Don’t throw away your broccoli stalks! They are absolutely delicious, and I’ve got three quick and easy broccoli stem recipes for you.
Are Broccoli Stems Edible?
Growing up, my mom would always toss the broccoli stalks, so I just assumed they were inedible or not tasty. I was wrong! In researching for my book, The Real Food Grocery Guide, I realized not only can you eat broccoli stems, but they are so good I’d rather eat the stem first then figure out what to do with the florets. (I’ll be using broccoli stalk and broccoli stem interchangeably in this article…they’re the same thing!).
Are Broccoli Stalks Nutritious?
Ounce for once, broccoli stalks and broccoli florets provide about the same amount of many key nutrients, including Vitamin C, potassium, B vitamins, calcium, and iron. The main differences are that the stalks contain more fiber, while the florets contain more Vitamin A and sulforaphane, a compound that helps protect against cancer. So eat both parts!
3 Ways to Use Broccoli Stalks or Broccoli Stems
I made a quick video tutorial to show you how to cook with broccoli stalks. The recipes are super simple, and I’ve included them below the video.
Broccoli Stalk Recipe 1: Broccoli Stem Chips
These are not quite crisp and crunchy like chips, but they are just as crave-worthy. Coated in almond flour and pink salt these will disappear quickly. I usually make these at the same time I’m making roasted broccoli florets, and this is indeed pretty similar to my Best Roasted Broccoli Recipe – The only difference is I wanted to test using a lower temperature (350F instead of 400F,) as I only had extra virgin olive oil on hand, which has a lower smoke point.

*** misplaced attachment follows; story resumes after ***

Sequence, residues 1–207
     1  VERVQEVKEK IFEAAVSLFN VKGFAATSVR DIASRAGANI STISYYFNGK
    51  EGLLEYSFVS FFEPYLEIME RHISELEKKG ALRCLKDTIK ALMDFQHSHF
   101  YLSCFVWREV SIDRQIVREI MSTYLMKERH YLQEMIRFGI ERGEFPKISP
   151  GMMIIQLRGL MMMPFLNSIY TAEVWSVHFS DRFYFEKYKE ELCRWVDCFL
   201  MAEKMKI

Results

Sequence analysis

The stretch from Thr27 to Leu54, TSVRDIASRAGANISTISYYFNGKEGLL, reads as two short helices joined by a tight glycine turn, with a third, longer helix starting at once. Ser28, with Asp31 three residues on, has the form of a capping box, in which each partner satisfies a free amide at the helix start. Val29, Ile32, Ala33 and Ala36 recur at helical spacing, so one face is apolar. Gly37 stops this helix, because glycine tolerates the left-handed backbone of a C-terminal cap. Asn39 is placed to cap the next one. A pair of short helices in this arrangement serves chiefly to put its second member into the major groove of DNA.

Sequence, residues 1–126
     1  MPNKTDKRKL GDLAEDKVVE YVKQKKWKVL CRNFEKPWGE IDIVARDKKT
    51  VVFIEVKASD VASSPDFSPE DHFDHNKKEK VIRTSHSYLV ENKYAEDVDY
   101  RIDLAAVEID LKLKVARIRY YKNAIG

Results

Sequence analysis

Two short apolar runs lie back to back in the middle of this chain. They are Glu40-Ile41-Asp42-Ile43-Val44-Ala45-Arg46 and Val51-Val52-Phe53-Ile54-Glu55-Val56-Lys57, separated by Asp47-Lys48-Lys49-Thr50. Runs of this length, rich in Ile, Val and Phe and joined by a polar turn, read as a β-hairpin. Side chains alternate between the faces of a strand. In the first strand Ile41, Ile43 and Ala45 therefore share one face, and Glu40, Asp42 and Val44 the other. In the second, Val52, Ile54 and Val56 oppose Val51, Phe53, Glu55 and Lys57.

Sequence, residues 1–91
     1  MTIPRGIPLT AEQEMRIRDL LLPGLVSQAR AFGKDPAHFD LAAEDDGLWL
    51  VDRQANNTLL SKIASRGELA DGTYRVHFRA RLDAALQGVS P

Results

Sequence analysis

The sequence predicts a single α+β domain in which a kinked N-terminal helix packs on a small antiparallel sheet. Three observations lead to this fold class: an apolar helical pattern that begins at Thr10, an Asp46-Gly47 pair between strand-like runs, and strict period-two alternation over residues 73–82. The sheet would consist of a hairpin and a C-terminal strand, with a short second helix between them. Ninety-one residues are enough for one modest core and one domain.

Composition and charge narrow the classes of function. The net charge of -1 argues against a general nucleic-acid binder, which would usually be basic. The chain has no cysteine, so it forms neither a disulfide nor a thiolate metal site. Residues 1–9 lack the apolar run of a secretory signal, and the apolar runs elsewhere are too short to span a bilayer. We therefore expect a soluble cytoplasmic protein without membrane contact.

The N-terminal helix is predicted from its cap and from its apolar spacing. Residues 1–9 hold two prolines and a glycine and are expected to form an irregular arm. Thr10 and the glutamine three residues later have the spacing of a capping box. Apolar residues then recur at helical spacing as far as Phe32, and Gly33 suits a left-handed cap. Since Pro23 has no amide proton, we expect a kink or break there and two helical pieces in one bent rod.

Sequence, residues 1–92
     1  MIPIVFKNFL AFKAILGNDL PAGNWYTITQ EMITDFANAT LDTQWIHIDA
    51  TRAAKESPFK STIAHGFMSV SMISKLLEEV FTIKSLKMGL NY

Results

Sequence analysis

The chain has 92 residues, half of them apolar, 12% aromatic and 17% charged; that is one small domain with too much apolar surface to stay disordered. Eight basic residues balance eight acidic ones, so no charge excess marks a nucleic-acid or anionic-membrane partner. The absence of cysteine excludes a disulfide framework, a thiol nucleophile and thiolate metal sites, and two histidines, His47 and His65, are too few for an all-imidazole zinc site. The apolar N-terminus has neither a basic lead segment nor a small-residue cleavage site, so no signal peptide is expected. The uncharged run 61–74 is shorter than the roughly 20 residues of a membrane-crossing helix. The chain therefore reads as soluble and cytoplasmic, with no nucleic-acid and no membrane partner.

Tip from The Real Food Grocery Guide
When cooking with oils, never heat an oil above it’s smoke point (literally the temperature at which it smokes – you may have seen this happen if you ever forgot a pan of oil on the stove top). Extra virgin olive oil has a low smoke point (in the appx. 325F-375F range), while virgin olive oil can withstand slightly higher temperatures (up to about 425F). So, I advise my clients to use extra virgin olive oil mostly for raw preparations or low temperature cooking, and virgin olive oil for low-medium temperature cooking. For a more in-depth explanation of oils, and the best (and worst) oils for each cooking method, check out my book, The Real Food Grocery Guide.
- 2 broccoli stalks
- 1 clove garlic, minced
- 1-2 tsp. olive oil
- pink salt
- black pepper
- 2-3 tsp. almond flour
- Preheat the oven to 350 F.
- Cut the broccoli stalk into ¼ - inch slices. Put in a bowl and set aside.
- Chop the garlic and add it to the broccoli stems.
- Add a drizzle of olive oil, and a pinch of pink salt and black pepper. Use your hands or spoons to mix everything and evenly coat the chips.
- Lay the chips flat on a baking sheet.
- Bake for 15 minutes.
- Remove from the oven, sprinkle almond flour on top, and use two spoons to flip the chips so that they’re all coated. Pop back into the oven for another 10 minutes.
- Remove from the oven, let cool a couple minutes before serving. Add additional salt and pepper, to taste, if needed.
Broccoli Stalk Recipe 2: Broccoli Rice aka Paleo Rice
I often say that simply chopping vegetables differently makes them feel like an entirely different food. This broccoli rice is a case in point. While you can also “rice” the florets, I find there is never a lack of broccoli floret recipes, and it’s often the stem that is left over and will usually find it’s way into the garbage can. But, not anymore!